Date of Award

Spring 6-3-2019

Document Type


Degree Name

Doctor of Philosophy in Clinical Psychology (PhD)


Clinical Psychology

First Advisor/Committee Member

Bev J. Wilson, Ph.D.

Second Advisor/Committee Member

Lynette Bikos, Ph.D.

Third Advisor/Committee Member

Elizabeth Viney, Ph.D.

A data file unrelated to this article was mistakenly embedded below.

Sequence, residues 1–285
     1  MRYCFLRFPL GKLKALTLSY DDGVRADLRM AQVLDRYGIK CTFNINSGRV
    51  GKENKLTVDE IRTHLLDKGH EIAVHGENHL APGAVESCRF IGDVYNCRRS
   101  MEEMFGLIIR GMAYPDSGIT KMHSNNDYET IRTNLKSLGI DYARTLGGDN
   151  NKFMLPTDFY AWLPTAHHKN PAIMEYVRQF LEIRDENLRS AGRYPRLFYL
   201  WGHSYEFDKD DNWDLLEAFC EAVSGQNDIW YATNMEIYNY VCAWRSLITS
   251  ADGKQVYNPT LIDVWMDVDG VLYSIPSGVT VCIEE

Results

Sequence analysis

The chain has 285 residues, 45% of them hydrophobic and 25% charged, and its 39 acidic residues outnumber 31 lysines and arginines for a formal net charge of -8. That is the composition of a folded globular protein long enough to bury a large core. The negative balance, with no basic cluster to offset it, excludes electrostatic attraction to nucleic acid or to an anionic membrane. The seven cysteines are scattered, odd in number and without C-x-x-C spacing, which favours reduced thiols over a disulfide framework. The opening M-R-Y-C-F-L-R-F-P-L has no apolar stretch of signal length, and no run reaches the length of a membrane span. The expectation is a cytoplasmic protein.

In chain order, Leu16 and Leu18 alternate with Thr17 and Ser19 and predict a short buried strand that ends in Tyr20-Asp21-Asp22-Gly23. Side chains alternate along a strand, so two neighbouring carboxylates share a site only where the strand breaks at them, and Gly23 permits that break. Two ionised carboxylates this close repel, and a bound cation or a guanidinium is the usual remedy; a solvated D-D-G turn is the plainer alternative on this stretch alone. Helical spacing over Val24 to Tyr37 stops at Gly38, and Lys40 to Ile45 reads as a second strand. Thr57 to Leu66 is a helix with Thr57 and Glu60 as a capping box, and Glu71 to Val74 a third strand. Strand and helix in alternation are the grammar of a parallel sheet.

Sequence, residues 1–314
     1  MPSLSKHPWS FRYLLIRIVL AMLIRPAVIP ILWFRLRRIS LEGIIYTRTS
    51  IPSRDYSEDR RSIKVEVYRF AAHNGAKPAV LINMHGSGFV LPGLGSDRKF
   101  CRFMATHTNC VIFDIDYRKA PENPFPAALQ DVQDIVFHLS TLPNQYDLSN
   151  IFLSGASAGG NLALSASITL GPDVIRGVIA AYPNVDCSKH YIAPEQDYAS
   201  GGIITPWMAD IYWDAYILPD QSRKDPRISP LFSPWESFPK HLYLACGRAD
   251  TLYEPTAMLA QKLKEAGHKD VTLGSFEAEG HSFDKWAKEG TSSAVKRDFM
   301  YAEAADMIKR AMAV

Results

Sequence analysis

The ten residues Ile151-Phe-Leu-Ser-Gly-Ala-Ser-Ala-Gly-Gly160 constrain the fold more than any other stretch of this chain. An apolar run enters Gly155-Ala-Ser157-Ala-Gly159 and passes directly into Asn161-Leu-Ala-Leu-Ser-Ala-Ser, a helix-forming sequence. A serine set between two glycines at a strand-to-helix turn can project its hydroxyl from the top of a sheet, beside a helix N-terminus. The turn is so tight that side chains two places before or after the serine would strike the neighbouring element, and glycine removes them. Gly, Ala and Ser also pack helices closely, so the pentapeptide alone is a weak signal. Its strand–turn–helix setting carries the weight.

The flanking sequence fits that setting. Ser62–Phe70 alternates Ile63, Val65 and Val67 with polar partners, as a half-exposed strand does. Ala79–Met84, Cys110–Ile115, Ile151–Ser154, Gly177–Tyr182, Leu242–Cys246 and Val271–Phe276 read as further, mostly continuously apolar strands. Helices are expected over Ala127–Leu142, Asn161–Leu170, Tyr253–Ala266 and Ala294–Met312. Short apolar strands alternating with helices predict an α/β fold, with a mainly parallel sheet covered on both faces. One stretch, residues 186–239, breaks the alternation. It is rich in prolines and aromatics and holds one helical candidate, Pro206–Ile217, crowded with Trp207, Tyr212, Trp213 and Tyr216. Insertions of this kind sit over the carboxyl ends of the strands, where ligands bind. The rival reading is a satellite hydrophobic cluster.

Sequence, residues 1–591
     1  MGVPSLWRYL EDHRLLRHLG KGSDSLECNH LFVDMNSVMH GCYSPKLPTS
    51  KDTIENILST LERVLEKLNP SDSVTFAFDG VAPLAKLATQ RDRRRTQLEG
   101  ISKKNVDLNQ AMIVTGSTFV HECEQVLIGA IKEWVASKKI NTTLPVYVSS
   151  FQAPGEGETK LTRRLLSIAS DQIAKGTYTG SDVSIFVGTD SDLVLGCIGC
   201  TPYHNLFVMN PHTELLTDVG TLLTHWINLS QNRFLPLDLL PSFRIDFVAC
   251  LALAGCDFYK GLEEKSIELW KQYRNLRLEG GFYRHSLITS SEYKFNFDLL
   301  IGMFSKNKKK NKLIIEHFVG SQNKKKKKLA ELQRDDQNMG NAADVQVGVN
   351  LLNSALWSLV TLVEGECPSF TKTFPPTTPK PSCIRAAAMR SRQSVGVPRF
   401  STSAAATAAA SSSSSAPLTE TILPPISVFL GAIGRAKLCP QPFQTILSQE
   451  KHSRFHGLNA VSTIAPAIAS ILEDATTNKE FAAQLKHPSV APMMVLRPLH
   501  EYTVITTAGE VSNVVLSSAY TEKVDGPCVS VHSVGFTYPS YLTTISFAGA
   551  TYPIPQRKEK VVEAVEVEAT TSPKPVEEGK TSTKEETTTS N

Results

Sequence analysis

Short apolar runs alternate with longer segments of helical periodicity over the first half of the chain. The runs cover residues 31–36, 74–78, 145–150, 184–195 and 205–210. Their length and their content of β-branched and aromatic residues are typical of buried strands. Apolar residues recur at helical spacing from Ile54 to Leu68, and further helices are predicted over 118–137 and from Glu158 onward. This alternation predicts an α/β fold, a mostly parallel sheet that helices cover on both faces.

Children with autism spectrum disorder (ASD) exhibit marked social communication impairments. Research suggests that these deficits often lead to delays in adaptive behavior, such as adaptive communication. In this study, I examined the roles of two social constructs, pragmatic language and theory of mind (ToM), in the adaptive communication abilities of young children with and without ASD. Thirteen children with ASD (31% female; M age = 58.08 months) and 24 children with typical development (58% female; M age = 52.42 months) between the ages of 3:0 and 6:5 were assessed. Adaptive communication was measured by the Functional Communication subscale of the Behavior Assessment System for Children, Second Edition (Reynolds & Kamphaus, 2004). Pragmatic language ability was assessed by the Comprehensive Assessment of Spoken Language (CASL; Carrow-Woolfolk, 1999). ToM was measured through a battery of laboratory tasks. Results indicated significant direct effects of status on adaptive communication [F(1, 35) = 28.61, p < .001], status (i.e., TD vs. ASD) on pragmatic language [F(1, 35) = 8.17, p = .001], and pragmatics on ToM [F(1, 35) = 7.03, p = .01]. Results did not support the hypotheses that the relation between status and adaptive communication would be mediated by pragmatic language alone, ToM alone, or pragmatic language predicting ToM. Post hoc analyses showed scores on each measure were trending in the predicted directions when compared to past literature. This indicates promise for future research replicating the study. Additionally, exploratory analyses showed that only children with ASD had at-risk or clinically significant pragmatic and/or adaptive communication skills. While it has been previously shown that older children with ASD (ages six through adolescence) demonstrate pragmatic language deficits than children with TD, this relation has not been examined in younger children. These results may help inform therapy goals for young children with ASD. It may be beneficial for children with ASD as young as three years old to begin working on improving their pragmatic language skills. The study’s strengths include the population sampled (i.e., young children with ASD compared to children with TD who have average or greater verbal abilities).